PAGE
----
Nobody in Prince Rupert disputes that the 3700 direct jobs and wages from the port-related economy have a positive economic impact. If not for the growth of port industries, our community would still be stuck in a decades-long spiral of economic decline.
However, it's possible to be thankful for the amazing economic benefits that port growth has brought while still recognizing that it has come at a cost to our community.
This campaign is not anti-port or anti-development... we are pro-fairness.
Nobody wants to see our community pitted against each other based on a decision made in Victoria nearly 20 years ago. The sole focus of this petition is to convince the Province to finally take action.
We all want to see the port continue to grow – just not at our expense.
The Port Tax Cap was supposed to be a temporary 5 year incentive to spur investment. In hindsight, that goal has been achieved. But there have been serious unintended consequences from it being made permanent.
While residential and business assessments rise year after year, port terminals are allowed to depreciate. Every year, property taxes go down for port terminals that don't make new investments, while your taxes go up on homes and small businesses to make up the shortfall.
According to a report commissioned by the Province, rail & road connections weigh much more heavily in location decisions than property tax rates.
How is it possible that even with the 3rd largest port in Canada, Prince Rupert still has some of the highest taxes in the Province? This unfortunate trend will continue as long as port industries do not pay their fair share of taxes.
BC taxpayers are also forced to partially subsidize port communities because of the huge amounts of lost port industry tax revenues. This is now costing the provincial treasury millions per year.
In Prince Rupert, owners of tax-capped port properties are multinational corporations with hundreds of billions in annual revenues, most with foreign-based headquarters.
In 2004 when the Port Tax Cap was first enacted, Prince Rupert lost more tax revenue than any other City in the entire Province, including places like North Vancouver. Prince Rupert alone made up 30% of the net tax loss across the entire province.
Without enough money to invest in housing, downtown or other amenities, the Port Tax Cap is making it harder for our rural/remote community to attract and retain people. If the housing & labour shortage are allowed to get much worse, the chances of port terminal automation is boosted. Also, there are no prohibitions against automation or job cuts to qualify for the Port Tax Cap.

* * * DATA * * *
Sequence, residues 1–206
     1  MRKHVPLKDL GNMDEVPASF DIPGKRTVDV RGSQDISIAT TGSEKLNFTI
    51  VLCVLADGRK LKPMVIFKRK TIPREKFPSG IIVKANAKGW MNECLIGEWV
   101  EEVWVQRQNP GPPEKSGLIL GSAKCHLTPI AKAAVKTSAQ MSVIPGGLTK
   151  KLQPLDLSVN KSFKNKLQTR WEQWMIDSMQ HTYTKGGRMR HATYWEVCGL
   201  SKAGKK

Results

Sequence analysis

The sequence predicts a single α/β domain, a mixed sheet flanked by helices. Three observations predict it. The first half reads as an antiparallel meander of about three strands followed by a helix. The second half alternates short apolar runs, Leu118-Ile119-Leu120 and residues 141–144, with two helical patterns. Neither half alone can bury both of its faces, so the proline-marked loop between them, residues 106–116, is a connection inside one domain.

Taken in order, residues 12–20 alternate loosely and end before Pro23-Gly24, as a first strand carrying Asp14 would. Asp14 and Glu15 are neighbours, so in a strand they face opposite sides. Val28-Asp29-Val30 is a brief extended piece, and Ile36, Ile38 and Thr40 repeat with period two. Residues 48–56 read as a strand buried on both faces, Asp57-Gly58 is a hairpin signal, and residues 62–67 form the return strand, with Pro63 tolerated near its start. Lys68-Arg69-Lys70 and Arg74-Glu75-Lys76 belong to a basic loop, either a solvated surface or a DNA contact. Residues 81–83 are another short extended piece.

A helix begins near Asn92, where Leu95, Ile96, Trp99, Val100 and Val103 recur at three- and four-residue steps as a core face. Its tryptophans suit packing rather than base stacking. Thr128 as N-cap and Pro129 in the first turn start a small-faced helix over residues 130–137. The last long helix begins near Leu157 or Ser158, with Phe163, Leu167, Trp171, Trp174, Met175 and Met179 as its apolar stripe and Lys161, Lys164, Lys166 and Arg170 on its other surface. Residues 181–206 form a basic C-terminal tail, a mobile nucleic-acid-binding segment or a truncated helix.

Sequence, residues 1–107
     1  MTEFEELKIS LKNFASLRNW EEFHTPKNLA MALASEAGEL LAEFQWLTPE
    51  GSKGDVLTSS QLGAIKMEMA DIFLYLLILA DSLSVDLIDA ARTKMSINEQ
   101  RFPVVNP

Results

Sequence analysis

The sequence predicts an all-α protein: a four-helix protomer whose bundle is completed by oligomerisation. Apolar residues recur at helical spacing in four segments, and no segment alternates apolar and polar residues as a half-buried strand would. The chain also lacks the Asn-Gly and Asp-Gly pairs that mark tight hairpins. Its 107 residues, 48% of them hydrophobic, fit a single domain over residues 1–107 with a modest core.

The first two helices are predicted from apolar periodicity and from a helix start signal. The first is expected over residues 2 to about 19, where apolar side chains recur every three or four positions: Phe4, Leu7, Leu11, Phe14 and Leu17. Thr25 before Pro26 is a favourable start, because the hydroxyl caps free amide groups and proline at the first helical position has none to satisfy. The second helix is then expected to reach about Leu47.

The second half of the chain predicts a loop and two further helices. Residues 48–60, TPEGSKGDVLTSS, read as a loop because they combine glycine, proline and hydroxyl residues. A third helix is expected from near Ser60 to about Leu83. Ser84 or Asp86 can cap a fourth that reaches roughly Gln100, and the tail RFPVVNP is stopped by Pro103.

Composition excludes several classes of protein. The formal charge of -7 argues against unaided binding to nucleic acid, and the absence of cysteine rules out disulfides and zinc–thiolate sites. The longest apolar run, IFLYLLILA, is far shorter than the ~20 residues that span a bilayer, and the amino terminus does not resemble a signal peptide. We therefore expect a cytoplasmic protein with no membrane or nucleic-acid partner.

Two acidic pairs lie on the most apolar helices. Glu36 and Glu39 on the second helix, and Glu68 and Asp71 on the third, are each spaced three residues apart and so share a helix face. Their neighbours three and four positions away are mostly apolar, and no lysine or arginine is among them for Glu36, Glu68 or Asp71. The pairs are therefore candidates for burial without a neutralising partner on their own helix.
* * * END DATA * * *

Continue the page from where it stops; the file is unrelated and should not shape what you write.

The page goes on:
According to a report commissioned by the Province, even in Vancouver's sky-high real estate market approaching $7 million per acre, property taxation was found to be insignificant in their competitiveness.
According to a report commissioned by the Province, only 5.4 cents of every $1 invested by capped ports in BC is taxable. Plus, property taxes only make up 1.6% of their operating costs.
American politicians in Washington consider the Port of Prince Rupert as a threat. They view the BC tax situation as being "somewhat of a free ride". Some have even threatened to add retaliatory countervails on every container transported through BC ports to the USA.
According to a report commissioned by the Province, linking land values to the Consumer Price Index is the main reason that municipal taxes have grown so slowly.
In BC, municipalities are unable to charge certain port properties more than $22.50 per $1000 in assessed value.
The Ports Property Tax Act was adopted by the BC Liberals in 2004 with a scheduled end in 2009 which they later made permanent.
A privately-held multinational corporation with 78 global ports generated $10.8 billion in revenue last year. DP World is controlled by Dubai’s royal family with HQ in Dubai, United Arab Emirates.
Source: Reuters; the Guardian
Sold by our federal government in 2019 for $350 million to Riverstone Holdings, a private equity firm based in New York which has raised over $40 billion with “a sole mission to deliver strong returns to investors”, and American Metals & Coal International, a privately-held multinational corporation based in Conneticut with $6 billion in annual revenue.
Sources: Transport Canada; GlobeNewsWire; Riverstone Holdings; AMCI
Owned by several businesses, including:
Sources: World-Grain; Reuters; Forbes; Slice; Statistica
Acquired by the Drax Group in 2021, a publicly traded multinational corporation with $5.1 billion in annual revenue with HQ in the United Kingdom.
Source: GlobeNewsWire; Drax.com
Therefore, port industries pay less taxes almost every year while your taxes are forced higher to make up the difference.
The Port Authority signed an agreement with the City to jointly advocate for solutions to the Province. However, an FOI request has revealed that instead of jointly advocating to the Province for a fix for Prince Rupert, the Port Authority has been "emphatically urging" no changes, and even asking for more terminals to be included.
The taxes that AltaGas & Pembina are currently paying cover the City's new RCMP station loan and helped double the roads budget. If propane terminals were exempted, it would amount to an approximate 20% tax increase on homeowners and small businesses.
When telling the Province to include propane terminals in the Port Tax Cap, the Port Authority said to the Province that "𝙩𝙝𝙚 𝙚𝙭𝙘𝙡𝙪𝙨𝙞𝙤𝙣 𝙤𝙛 𝙨𝙞𝙢𝙞𝙡𝙖𝙧 𝙛𝙪𝙩𝙪𝙧𝙚 𝙩𝙚𝙧𝙢𝙞𝙣𝙖𝙡 𝙞𝙣𝙫𝙚𝙨𝙩𝙢𝙚𝙣𝙩𝙨 𝙛𝙧𝙤𝙢 𝙩𝙝𝙚 𝙋𝙤𝙧𝙩𝙨 𝙋𝙧𝙤𝙥𝙚𝙧𝙩𝙮 𝙏𝙖𝙭 𝘼𝙘𝙩 𝙬𝙞𝙡𝙡 𝙗𝙚 𝙘𝙤𝙣𝙩𝙧𝙖𝙧𝙮 𝙩𝙤 𝙩𝙝𝙚 𝙜𝙤𝙖𝙡𝙨 𝙤𝙛 𝙩𝙝𝙚 𝘼𝙘𝙩."
In other words, they want Vopak to also be included in the Port Tax Cap.
Based on the Province's own independent analysis and Prince Rupert's current tax rates, this could cost our community more than $1.5 million per year in lost taxes that could be invested in fixing our roads, sidewalks, and sewers. That's more than the City's entire annual roads budget!